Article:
Cassini Significant Events -- 04/13/06 - 04/19/06

April 21, 2006

(Source: Cassini Project)


The most recent spacecraft telemetry was acquired Wednesday, April 19, from
the Goldstone tracking stations. The Cassini spacecraft is in an excellent
state of health and is operating normally. Information on the present
position and speed of the Cassini spacecraft may be found on the "Present
Position" web page located at
http://saturn.jpl.nasa.gov/operations/present-position.cfm .

Thursday, April 13 (DOY 103)

A successful end-to-end test was held in the Integrated Test Laboratory
(ITL) for a CDS Command Loss Timer (CLT) patch to be uplinked to the
spacecraft beginning May 8. The patch corrects a code error discovered last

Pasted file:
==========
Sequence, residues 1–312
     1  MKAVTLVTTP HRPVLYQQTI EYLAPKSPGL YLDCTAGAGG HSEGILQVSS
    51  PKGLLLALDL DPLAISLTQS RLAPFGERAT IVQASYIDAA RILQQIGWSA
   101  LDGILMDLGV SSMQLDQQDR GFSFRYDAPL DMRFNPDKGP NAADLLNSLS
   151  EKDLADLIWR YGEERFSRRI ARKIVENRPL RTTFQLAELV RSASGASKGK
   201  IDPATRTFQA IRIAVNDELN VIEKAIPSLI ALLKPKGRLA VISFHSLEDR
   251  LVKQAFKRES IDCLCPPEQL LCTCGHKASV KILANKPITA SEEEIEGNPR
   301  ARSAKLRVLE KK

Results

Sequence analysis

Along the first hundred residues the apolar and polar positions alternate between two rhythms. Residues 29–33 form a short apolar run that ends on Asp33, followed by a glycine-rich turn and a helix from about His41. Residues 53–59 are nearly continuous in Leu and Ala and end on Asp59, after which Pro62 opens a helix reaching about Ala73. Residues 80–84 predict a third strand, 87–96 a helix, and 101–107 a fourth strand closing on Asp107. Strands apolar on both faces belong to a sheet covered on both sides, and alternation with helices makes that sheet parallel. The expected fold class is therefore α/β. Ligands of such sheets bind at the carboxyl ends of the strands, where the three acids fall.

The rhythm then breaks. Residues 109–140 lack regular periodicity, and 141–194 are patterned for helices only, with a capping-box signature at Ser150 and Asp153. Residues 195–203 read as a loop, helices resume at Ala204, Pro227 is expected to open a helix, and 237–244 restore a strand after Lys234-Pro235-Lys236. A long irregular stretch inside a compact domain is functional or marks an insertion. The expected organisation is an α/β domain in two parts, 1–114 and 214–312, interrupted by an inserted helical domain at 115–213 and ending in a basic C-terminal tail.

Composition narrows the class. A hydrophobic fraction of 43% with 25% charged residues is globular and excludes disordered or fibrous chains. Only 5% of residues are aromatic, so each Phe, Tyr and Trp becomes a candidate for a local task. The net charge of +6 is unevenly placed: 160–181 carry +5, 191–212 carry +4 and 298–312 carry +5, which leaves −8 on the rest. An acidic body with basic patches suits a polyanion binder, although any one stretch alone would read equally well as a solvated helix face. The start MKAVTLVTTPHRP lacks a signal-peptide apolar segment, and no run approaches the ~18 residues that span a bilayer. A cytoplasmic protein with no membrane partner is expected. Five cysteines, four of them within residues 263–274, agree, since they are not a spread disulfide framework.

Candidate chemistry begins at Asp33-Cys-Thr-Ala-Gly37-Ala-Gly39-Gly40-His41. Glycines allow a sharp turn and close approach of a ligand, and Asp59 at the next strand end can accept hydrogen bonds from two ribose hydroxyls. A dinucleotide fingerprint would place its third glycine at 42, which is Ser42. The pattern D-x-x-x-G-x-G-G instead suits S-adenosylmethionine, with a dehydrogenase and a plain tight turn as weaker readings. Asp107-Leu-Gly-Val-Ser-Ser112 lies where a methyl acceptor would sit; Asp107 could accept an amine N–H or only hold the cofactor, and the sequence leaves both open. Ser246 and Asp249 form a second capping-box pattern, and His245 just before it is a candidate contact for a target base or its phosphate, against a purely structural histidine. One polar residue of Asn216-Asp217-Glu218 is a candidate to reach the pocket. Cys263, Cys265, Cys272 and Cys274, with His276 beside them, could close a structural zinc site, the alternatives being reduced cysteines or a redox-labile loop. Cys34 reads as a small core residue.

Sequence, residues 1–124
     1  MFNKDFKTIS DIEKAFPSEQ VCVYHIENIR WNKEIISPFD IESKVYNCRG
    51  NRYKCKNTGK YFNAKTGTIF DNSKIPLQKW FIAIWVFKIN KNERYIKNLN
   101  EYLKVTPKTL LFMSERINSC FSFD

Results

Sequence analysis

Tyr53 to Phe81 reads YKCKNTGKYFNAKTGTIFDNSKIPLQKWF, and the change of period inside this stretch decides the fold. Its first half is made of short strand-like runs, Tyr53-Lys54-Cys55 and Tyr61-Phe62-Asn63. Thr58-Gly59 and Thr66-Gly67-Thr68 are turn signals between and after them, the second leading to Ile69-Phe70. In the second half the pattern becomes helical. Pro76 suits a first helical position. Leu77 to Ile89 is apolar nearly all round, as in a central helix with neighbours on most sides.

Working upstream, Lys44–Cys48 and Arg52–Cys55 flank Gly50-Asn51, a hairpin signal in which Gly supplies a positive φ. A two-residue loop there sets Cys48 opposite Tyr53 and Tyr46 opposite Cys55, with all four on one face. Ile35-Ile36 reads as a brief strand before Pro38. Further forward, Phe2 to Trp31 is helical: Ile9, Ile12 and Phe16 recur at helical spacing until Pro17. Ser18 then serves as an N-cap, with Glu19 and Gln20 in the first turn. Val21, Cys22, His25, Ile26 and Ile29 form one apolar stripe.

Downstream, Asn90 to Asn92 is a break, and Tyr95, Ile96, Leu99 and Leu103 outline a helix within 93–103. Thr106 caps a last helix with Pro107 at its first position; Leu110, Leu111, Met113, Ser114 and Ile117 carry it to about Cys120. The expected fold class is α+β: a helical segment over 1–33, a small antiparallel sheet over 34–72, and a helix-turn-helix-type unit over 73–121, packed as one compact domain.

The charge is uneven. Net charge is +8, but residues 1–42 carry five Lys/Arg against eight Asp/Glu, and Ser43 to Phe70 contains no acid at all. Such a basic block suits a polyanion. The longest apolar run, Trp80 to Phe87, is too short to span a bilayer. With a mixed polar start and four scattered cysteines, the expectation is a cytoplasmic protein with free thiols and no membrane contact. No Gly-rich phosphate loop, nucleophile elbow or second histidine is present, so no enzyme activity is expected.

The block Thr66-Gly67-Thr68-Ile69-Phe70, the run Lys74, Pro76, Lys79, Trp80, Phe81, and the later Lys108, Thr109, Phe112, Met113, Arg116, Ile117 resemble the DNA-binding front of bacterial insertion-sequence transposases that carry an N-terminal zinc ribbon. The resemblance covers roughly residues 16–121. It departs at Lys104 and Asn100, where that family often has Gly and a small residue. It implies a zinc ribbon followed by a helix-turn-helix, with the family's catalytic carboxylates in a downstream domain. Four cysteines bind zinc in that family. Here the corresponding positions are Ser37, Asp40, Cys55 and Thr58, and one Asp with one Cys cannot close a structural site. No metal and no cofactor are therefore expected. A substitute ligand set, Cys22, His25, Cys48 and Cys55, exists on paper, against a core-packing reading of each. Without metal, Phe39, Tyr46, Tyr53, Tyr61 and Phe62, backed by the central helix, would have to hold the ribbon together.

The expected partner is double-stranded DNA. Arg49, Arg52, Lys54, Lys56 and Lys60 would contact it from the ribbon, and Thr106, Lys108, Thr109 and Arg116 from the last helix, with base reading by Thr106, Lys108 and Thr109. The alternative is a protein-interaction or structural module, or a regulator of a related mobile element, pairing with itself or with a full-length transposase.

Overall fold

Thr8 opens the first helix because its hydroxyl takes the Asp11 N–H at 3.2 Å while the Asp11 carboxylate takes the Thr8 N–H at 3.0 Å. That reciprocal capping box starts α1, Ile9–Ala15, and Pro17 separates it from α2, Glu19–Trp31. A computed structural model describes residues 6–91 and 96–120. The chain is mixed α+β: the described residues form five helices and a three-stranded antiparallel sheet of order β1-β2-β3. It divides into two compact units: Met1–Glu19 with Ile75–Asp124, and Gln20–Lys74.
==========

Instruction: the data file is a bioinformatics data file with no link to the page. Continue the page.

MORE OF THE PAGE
September when the CLT was set to a different value for OTM-31, which caused
a data loss for the Titan-7 flyby. A temporary patch to restore normal
operations was uplinked at that time. This patch is a permanent fix to the
code. The uplink readiness review for this delivery will be held on April
17, followed by a Software Requirements and Certification Review on April
20.

As was reported last week, the final step in the Monopropellant Tank
Assembly (MTA) recharge and flight software patch procedure was to be a
reaction wheel assembly (RWA) bias. This bias, the first use of thrusters
after the MTA recharge, executed successfully and provided an opportunity to
perform an in-flight calibration of the higher thrust levels. There were no
red alarms, no rejected commands, and no unexpected fault protection (FP)